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Tennis: Building Gradually

All PostsSportsTennis: Building Gradually

story Josh Ragbir

Correction: Volume III Issue 5 dated February 10, 2015

It has come to our attention that the article “Tennis: Building Gradually” did not report that Mollie Saltskog ´17 is a member of the Varsity Tennis Team. While she has stepped down this semester for medical reasons, she was the female co-captain and has been the founder and key driver in establishing the tennis team.

The Yale-NUS College Tennis Team.
Yale-NUS tennis hopes to lay the correct
foundations for future semesters. (Pratyush More)

Fashioned on the room door of tennis co-captain Lee Koon Min ’18 is a poster that boldly states ‘Varsity Tennis: Recruiting Now’—a last grasp at a solution to the team’s most pressing concern—numbers.

The Yale-NUS College Tennis team, coached by Associate Dean of Students Kim Cheah, currently consists of Lee, co-captain Hannah Yeo ’18, Liam Rahman ’17, Alex Pont ’18, Julianne Thomson ’18, Pratyush More ’18, Holly Apsley ’18 and Tamara Burgos ’18. This puts their roster at eight, barely enough to field a full team in the upcoming Inter-Collegiate Games. “Our biggest priority at the moment is to recruit enough genuinely interested players,” Lee said.

Yet in a school of just more than 300 busy students, finding genuinely committed players is no easy task. Yeo said that while there may be ways to circumvent the dwindling numbers—like holding joint training sessions with other teams—the time commitment required of players cannot be avoided. “It’s very easy to slip into the mentality that tennis is just something you do once a week, casually,” she said. “When tennis conflicts with something less casual, tennis is probably going to lose out.”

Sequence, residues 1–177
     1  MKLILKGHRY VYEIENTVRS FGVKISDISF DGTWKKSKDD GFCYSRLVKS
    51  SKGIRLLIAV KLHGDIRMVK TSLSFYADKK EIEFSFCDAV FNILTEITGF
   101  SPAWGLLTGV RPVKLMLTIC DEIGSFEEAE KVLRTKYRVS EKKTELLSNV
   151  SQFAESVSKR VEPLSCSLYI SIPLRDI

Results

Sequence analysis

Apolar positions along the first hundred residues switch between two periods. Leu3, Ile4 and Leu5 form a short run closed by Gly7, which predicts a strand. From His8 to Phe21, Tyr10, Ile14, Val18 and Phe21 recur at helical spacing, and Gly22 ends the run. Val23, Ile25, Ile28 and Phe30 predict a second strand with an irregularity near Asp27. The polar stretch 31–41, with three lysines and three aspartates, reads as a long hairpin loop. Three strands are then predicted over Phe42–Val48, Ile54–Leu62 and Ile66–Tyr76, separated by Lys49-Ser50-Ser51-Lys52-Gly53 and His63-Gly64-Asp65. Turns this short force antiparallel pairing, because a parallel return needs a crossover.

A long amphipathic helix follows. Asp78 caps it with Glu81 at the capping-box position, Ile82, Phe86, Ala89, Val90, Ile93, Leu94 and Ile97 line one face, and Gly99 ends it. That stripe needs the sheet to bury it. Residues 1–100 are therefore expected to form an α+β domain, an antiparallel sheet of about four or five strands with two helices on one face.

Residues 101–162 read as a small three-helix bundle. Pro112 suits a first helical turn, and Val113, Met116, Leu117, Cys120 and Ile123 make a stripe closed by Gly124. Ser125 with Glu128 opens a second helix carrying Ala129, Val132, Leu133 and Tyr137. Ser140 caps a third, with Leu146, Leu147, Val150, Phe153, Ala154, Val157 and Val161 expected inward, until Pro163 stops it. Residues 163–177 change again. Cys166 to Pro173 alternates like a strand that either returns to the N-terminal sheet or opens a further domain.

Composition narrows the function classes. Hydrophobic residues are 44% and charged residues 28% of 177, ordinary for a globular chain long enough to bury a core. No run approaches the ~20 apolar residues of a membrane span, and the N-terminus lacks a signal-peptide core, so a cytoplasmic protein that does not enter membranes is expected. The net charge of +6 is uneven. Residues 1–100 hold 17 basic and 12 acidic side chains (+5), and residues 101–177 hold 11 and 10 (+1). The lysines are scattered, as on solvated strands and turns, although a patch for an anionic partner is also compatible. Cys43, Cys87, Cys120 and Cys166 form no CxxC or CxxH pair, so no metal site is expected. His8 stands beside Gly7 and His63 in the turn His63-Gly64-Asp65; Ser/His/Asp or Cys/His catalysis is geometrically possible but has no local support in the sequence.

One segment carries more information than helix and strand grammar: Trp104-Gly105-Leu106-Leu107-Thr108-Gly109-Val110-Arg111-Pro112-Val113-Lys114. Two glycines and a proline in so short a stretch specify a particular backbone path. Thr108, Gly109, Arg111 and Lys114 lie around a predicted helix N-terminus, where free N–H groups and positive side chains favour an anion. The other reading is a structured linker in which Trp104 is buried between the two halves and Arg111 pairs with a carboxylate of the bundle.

The team hopes to iron out some of their problems this semester and lay the foundations for the future. Before the Class of 2019 matriculates, which may increase their numbers, Yeo is looking to improve the team’s efficiency and chemistry. Her ideas begin with training. While increasing the frequency of tennis-specific trainings may not be possible, Yeo thinks that the issue of intensity can be addressed. Both captains have communicated to the coach, Ms. Cheah, their desire to make trainings more physically gruelling and their willingness to be held accountable for gameplay mistakes, both in training and on the court.

Both captains also hope that the administration can play a role in creating more efficient communication structures and networks so that Yale-NUS is not left out of the loop. Yeo cited the National University of Singapore tennis team’s connections and explained that “tournament organizers know NUS and email their captains directly, who then text the players in advance—it’s simple and efficient—two things we’re really missing.”

The team will face off against the College of Alice and Peter Tan, Tembusu College, Cinnamon College (USP) and Ridge View Residential College on Feb. 14.

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